Posted March 18, 2024

Surge In Electric Bike Popularity Raises Fire Hazards Concerns

The expanding market for electric bikes, scooters, and mopeds presents a positive trend in reducing carbon emissions, as studies indicate their low carbon footprint. However, this growth also brings attention to the electrical safety risks associated with electric two-wheelers. In countries like China, a hub for e-bikes, and cities such as London, where e-bikes gained popularity later, there’s a noticeable increase in fires caused by e-bikes and e-scooters.

Aviva, an insurer, has observed an increase in customer claims related to fires caused by rechargeable e-bikes exploding during charging, including incidents involving faulty e-bike batteries and second-hand purchases, notes Hannah Davidson, a senior underwriting manager for Aviva. A survey conducted by Aviva reveals that 71% of adults in the UK are unaware of the signs indicating that a lithium-ion battery, commonly found in e-bikes and e-scooters, is close to failing. These warning signs include heating, leaking, swelling, and unusual smells and noises.

The rapid rise of e-bikes has outpaced regulations. For example, the UK lacks regulations concerning e-bike chargers or kits to convert standard bikes into electric ones. Additionally, an underground international market for e-bike parts thrives online in many places. Thermal runaway, a chain reaction where a cell inside a lithium-ion battery overheats, poses a new risk factor in fire risk assessment for the usage, location, storage, and charging of e-bikes in both commercial and domestic settings.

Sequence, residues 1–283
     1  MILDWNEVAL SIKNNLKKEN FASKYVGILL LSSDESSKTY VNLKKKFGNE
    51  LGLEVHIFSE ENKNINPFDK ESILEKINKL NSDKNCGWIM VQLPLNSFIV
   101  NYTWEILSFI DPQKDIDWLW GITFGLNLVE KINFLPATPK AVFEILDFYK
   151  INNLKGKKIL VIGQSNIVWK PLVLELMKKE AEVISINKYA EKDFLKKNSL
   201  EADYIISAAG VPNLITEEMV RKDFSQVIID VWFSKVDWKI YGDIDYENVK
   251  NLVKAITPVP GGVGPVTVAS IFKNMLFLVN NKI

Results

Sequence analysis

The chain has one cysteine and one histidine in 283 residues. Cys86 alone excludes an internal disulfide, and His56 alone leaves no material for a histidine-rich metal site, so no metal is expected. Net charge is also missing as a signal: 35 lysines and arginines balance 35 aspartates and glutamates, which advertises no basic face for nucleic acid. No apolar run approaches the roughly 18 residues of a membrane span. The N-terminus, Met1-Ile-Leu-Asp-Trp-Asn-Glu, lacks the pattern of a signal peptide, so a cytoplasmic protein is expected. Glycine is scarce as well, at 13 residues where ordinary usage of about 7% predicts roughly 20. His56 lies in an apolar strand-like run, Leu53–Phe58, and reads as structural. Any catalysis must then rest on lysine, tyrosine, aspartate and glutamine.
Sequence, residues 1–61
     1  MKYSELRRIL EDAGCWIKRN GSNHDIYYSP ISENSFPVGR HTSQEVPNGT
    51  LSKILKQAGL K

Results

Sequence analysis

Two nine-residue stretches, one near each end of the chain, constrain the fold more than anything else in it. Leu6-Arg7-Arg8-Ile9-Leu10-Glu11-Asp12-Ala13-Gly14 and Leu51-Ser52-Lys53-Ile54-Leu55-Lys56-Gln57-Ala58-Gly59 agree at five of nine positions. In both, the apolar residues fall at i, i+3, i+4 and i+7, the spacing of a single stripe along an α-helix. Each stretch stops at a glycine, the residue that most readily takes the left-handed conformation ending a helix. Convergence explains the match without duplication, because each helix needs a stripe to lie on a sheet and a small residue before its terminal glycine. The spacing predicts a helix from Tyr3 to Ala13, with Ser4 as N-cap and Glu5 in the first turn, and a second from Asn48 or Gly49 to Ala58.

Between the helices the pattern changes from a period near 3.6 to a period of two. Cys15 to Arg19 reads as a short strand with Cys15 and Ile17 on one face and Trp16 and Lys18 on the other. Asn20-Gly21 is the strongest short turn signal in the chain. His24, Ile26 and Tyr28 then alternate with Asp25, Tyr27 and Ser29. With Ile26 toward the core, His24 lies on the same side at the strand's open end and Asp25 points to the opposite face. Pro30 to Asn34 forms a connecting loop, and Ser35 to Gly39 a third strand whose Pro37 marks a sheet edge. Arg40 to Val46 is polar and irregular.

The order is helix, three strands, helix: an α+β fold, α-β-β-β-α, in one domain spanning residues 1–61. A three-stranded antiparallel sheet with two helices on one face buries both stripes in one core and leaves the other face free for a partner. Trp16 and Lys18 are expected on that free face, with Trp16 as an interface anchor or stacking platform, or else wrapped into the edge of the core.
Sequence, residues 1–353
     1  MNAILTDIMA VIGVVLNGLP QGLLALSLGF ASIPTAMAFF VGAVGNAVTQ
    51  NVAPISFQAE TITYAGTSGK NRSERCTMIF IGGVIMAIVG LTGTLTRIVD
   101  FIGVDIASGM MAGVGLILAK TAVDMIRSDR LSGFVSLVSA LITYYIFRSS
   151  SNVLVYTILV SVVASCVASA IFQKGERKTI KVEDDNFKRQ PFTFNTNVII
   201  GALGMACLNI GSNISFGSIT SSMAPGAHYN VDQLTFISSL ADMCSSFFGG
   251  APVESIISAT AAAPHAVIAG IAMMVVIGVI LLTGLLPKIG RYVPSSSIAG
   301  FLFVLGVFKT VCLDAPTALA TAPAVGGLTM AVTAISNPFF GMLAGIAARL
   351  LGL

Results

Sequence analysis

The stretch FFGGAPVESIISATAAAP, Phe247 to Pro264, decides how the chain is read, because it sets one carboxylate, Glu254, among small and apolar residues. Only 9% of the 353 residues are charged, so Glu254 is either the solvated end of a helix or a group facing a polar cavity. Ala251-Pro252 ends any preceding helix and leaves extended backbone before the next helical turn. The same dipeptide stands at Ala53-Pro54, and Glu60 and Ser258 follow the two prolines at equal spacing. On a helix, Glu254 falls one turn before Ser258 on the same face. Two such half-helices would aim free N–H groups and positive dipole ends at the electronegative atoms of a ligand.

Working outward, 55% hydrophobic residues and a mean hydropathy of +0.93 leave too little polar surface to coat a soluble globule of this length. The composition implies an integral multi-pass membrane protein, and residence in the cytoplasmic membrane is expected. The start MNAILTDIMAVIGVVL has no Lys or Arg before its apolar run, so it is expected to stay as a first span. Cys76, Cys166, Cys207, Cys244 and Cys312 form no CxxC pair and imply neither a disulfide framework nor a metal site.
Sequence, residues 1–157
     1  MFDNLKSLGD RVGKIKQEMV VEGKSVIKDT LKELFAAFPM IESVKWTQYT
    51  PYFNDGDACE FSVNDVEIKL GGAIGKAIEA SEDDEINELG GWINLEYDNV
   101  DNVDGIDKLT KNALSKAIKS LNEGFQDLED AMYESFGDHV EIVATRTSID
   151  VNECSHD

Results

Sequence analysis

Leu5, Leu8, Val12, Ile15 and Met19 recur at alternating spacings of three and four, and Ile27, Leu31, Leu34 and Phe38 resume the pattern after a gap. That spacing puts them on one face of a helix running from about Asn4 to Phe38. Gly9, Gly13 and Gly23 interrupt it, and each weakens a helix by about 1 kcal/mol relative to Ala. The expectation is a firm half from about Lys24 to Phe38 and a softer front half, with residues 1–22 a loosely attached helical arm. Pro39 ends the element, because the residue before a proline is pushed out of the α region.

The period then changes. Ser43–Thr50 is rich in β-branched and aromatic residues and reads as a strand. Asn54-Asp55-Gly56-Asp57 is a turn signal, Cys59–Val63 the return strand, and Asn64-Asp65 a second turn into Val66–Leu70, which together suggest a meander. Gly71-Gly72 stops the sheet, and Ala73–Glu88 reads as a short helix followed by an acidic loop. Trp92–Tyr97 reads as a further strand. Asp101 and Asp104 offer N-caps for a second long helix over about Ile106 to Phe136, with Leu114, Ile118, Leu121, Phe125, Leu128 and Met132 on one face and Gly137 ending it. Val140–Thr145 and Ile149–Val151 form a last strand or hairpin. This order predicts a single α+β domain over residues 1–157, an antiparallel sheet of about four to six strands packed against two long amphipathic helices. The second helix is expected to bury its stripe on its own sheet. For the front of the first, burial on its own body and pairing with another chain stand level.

The London Fire Brigade advises riders to allow their batteries to cool down before recharging, charge on flat hard surfaces, avoid extreme temperatures, and ensure fire alarms are in good condition. Aviva urges consumers to remain vigilant, noting a seven percent increase in customer claims over the past year for fires caused by lithium-ion batteries, commonly found in rechargeable devices like mobile phones, tablets, power tools, e-bikes, and e-scooters.

This trend is further supported by additional research commissioned by Aviva, revealing that one in nine Brits have experienced a fire (11%) or explosion (11%) in their home due to a lithium-ion battery or device. Nearly one in ten (9%) have encountered scorching of a surface where a lithium-ion battery or device was charging, and two in ten (20%) have had a battery or device overheat.

If your commercial location has seen an increase in e-bike usage it will require analysis in regards to fire risk assessment. SS Systems are ideally placed to work with you to implement a complete fire safety review encompassing all aspects relating to risks within your business. Some of the elements we would cover include:

Fire Extinguishers
You are legally responsible to ensure there are enough fire extinguishers on your premises. In addition to ensuring that you comply with the laws relevant to your industry and the size of your site. A risk assessment will provide how many fire extinguishers and ancillary products are required to protect your site.

Fire Safety Training
Fire safety is a fundamental part of any business and training is the cornerstone of implementing any fire safety policy. Legislation via the Regulatory Reform (Fire Safety) Order 2005 requires employers to provide training for all employees in actions to be taken in the event of a fire.

Emergency Lighting
Emergency lighting is part of a building’s fire safety provision and is a requirement of The Regulatory Reform Order of 2005. In the event of the mains power lighting failing or a power cut, emergency lighting can save lives by aiding in the safe evacuation of people within the building.

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